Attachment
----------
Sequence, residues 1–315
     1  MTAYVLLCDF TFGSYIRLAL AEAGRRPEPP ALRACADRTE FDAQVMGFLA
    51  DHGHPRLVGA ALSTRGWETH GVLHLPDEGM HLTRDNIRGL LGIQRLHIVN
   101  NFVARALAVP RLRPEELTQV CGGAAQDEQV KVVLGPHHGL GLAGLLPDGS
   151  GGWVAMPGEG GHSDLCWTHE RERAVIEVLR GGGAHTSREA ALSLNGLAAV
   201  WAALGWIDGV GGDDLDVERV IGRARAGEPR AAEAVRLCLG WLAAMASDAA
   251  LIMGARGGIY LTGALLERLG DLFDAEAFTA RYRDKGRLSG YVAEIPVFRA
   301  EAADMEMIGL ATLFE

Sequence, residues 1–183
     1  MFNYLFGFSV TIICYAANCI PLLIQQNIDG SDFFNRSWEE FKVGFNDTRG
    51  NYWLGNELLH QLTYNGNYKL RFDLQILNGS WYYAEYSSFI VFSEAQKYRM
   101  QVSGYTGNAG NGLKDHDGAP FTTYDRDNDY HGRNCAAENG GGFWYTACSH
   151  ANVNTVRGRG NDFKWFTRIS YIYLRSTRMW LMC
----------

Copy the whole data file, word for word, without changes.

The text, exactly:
Sequence, residues 1–315
     1  MTAYVLLCDF TFGSYIRLAL AEAGRRPEPP ALRACADRTE FDAQVMGFLA
    51  DHGHPRLVGA ALSTRGWETH GVLHLPDEGM HLTRDNIRGL LGIQRLHIVN
   101  NFVARALAVP RLRPEELTQV CGGAAQDEQV KVVLGPHHGL GLAGLLPDGS
   151  GGWVAMPGEG GHSDLCWTHE RERAVIEVLR GGGAHTSREA ALSLNGLAAV
   201  WAALGWIDGV GGDDLDVERV IGRARAGEPR AAEAVRLCLG WLAAMASDAA
   251  LIMGARGGIY LTGALLERLG DLFDAEAFTA RYRDKGRLSG YVAEIPVFRA
   301  EAADMEMIGL ATLFE

Sequence, residues 1–183
     1  MFNYLFGFSV TIICYAANCI PLLIQQNIDG SDFFNRSWEE FKVGFNDTRG
    51  NYWLGNELLH QLTYNGNYKL RFDLQILNGS WYYAEYSSFI VFSEAQKYRM
   101  QVSGYTGNAG NGLKDHDGAP FTTYDRDNDY HGRNCAAENG GGFWYTACSH
   151  ANVNTVRGRG NDFKWFTRIS YIYLRSTRMW LMC